On 14 February 1917 the Duma reconvened. During the 1917 February Revolution, a group of Duma members formed the Provisional Committee. Guchkov, along with Vasily Shulgin, came to the army headquarters near Pskov to persuade the Tsar to abdicate. The committee sent commissars to take over ministries and other government institutions, dismissing Tsar-appointed ministries and later formed the Provisional Government under Georgi Lvov.
Seats held in Imperial Dumas
|Party||First Duma||Second Duma||Third Duma||Fourth Duma|
|Russian Social Democratic Party||18 (Mensheviks)||47 (Mensheviks)||19 (Bolsheviks)||15 (Bolsheviks)|
|Constitutional Democratic Party (Kadets)||179||92||52||57|
|Non-Russian National Groups||121||–||26||21|
Chairmen of the State Duma of the Russian Empire
- Sergey Muromtsev (1906)
- Fyodor Golovin (1907)
- Nikolay Khomyakov (1907–1910)
- Alexander Guchkov (1910–1911)
- Mikhail Rodzianko (1911–1917)
Deputy Chairmen of the State Duma of the Russian Empire
- The First Duma
- The Second Duma
- The Third Duma
- Vol. V.M. Volkonsky (moderately right), bar. A.F. Meyendorff (Octobrist), C.J. Szydlowski (Octobrist), M. Kapustin (Octobrist), I. Sozonovich (right).
- The Fourth Duma
- Prince D.D. Urusov (Progressive Bloc)
- + Prince V.M. Volkonsky (Centrum-Right) (1912–1913)
- Nikolay Nikolayevich Lvov (Progressive Bloc) (1913)
- Alexander Konovalov (Progressive Bloc) (1913–1914)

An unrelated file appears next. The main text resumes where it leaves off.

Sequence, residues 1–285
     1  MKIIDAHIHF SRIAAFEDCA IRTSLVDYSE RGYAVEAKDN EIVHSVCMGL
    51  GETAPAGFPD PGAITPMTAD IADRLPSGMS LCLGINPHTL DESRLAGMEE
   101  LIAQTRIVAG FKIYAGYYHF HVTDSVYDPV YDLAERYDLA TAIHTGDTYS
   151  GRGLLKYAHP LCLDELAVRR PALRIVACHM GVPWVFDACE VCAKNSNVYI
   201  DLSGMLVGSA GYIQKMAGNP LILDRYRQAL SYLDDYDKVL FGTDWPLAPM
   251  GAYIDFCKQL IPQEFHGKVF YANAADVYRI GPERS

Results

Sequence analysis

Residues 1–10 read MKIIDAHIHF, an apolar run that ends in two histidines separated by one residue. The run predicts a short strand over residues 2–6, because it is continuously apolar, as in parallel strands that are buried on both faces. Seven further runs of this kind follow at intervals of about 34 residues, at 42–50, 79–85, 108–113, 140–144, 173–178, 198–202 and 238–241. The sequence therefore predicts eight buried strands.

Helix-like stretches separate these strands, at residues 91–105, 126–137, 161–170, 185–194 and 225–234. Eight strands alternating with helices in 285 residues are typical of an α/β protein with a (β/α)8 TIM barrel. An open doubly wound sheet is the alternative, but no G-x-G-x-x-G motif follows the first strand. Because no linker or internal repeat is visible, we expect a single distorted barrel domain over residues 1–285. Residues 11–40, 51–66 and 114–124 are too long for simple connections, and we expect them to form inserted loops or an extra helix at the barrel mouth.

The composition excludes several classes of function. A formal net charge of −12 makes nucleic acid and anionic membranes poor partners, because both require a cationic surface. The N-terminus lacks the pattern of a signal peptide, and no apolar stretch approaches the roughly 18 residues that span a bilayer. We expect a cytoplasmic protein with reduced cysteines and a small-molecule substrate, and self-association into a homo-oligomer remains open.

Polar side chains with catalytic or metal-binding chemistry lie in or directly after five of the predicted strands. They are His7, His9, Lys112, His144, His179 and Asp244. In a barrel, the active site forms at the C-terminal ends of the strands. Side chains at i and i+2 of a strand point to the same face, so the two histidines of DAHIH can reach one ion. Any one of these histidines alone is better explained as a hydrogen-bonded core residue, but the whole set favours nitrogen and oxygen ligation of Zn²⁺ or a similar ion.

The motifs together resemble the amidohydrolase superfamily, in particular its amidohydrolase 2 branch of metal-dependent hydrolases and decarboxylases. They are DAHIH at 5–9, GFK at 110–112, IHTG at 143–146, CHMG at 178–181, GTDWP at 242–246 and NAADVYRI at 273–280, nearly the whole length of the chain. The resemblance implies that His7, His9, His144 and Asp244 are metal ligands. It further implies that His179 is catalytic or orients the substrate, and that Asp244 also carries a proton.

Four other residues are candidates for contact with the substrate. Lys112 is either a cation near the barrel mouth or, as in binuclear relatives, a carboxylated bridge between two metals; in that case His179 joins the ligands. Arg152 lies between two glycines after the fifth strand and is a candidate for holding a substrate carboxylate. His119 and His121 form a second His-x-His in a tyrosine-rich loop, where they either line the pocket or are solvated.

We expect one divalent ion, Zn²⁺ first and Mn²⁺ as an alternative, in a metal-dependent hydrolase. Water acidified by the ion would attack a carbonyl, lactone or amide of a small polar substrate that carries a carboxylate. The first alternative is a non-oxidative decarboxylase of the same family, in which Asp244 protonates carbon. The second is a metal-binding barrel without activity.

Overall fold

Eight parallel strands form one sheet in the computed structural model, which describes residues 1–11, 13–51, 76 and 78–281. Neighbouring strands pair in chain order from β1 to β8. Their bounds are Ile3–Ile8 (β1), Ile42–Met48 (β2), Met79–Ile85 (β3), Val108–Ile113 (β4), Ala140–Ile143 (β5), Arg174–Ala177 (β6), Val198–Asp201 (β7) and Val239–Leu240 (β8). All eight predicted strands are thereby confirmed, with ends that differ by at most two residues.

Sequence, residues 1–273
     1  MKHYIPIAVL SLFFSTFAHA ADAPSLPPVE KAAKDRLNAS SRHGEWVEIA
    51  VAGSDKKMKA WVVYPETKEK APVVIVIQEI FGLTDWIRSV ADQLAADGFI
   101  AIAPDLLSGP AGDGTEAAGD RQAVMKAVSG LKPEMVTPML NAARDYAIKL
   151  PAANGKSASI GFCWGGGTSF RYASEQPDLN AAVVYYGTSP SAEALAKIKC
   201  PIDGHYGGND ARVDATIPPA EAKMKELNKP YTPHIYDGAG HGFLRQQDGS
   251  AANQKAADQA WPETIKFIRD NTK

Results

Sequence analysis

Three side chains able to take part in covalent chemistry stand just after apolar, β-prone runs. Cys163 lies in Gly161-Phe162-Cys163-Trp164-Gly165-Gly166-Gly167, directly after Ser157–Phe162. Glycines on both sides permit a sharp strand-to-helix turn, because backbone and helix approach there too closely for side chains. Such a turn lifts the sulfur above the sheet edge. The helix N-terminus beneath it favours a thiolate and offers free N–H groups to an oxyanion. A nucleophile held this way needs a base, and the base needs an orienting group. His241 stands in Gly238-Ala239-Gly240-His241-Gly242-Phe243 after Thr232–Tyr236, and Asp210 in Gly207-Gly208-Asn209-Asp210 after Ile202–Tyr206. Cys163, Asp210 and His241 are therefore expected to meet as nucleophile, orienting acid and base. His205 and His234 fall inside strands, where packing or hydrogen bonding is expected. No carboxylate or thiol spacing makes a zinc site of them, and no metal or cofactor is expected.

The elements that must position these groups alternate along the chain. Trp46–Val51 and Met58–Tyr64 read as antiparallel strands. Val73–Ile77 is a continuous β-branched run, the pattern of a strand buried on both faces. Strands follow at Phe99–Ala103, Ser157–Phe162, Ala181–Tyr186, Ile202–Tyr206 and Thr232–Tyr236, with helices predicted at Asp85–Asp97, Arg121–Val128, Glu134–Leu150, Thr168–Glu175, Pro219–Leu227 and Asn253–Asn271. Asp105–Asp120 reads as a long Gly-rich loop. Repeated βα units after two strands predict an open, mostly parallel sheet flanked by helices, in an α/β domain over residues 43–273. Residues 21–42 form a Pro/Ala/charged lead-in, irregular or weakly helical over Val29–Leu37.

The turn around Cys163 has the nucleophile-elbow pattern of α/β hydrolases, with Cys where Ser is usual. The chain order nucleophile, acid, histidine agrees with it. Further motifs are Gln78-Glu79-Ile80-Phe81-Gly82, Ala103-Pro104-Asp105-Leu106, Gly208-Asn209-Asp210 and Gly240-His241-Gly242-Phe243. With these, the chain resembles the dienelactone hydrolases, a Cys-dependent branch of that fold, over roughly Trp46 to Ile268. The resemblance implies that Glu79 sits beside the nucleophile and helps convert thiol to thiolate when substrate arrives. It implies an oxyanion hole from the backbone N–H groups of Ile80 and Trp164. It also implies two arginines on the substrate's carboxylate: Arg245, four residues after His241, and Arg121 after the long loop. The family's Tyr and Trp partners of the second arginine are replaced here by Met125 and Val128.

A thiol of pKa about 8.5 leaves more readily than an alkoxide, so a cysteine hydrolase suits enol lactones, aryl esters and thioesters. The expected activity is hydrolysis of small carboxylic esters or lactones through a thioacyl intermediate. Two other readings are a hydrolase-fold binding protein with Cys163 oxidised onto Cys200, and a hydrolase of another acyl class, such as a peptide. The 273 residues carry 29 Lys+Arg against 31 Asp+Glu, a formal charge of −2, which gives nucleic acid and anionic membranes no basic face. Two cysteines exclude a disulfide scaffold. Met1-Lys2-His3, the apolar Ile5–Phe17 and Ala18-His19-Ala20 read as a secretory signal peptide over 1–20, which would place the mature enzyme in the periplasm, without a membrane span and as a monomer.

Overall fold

- S.T. Varun-Sekret (Octobrist Party) (1913–1916)
- Alexander Protopopov (Left Wing Octobrist Party) (1914–1916)
- Nikolai Vissarionovich Nekrasov (Cadet Party) (1916–1917)
- Count V.A. Bobrinsky (Nationalist) (1916–1917)
- Prince D.D. Urusov (Progressive Bloc)
- This article incorporates text from a publication now in the public domain: Chisholm, Hugh, ed. (1911). "article name needed". Encyclopædia Britannica (11th ed.). Cambridge University Press.
- Harold Whitmore Williams (1915) Russia of the Russians, p. 82
- Walter Gerald Moss (1 October 2004). A History Of Russia: Since 1855. Anthem Press. pp. 97–106. ISBN 978-1-84331-034-1. Retrieved 24 May 2010.
- Thatcher, Ian (2011). "The First State Duma, 1906: The View from the Contemporary Pamphlet and Monograph Literature". Canadian Journal of History.
- Inevitable?: Turning Points of the Russian Revolution by Tony Brenton
- Abraham Ascher, "P.A. Stolypin: The Search for Stability in Late Imperial Russia", Stanford, 2001, p. 102
- Mikhail Larionov and the Cultural Politics of Late Imperial Russia by Sarah Warren, p. 64. 
- Vladimir Gurko (1939) Features and Figures of the Past. Government and Opinion in the Reign of Nicholas II, p. 8. 
- Harold Whitmore Williams (1915) Russia of the Russians, p. 78
- Harold Whitmore Williams (1915) Russia of the Russians, p. 102, 105
- B. Moynahan (1997) Rasputin. The saint who sinned, p. 169-170.
- G.A. Hosking (1973) The Russian constitutional experiment. Government and Duma, 1907-1914, p. 205.
- O. Figes (1996) A People's Tragedy: The Russian Revolution, 1891–1924, p. 270.
- The Russian Provisional Government, 1917: Documents, Volume 1, p. 16 by Robert Paul Browder, Aleksandr Fyodorovich Kerensky 
- O. Antrick, (1938) "Rasputin und die politischen Hintergründe seiner Ermordung", p. 79, 117.
- O. Figes (1996), p. 811.
- O. Figes (1997) A People's Tragedy: A History of the Russian Revolution, p. 278. 
- The Cambridge History of Russia: Volume 2, Imperial Russia, 1689-1917, p. 668 by Maureen Perrie, Dominic Lieven, Ronald Grigor Suny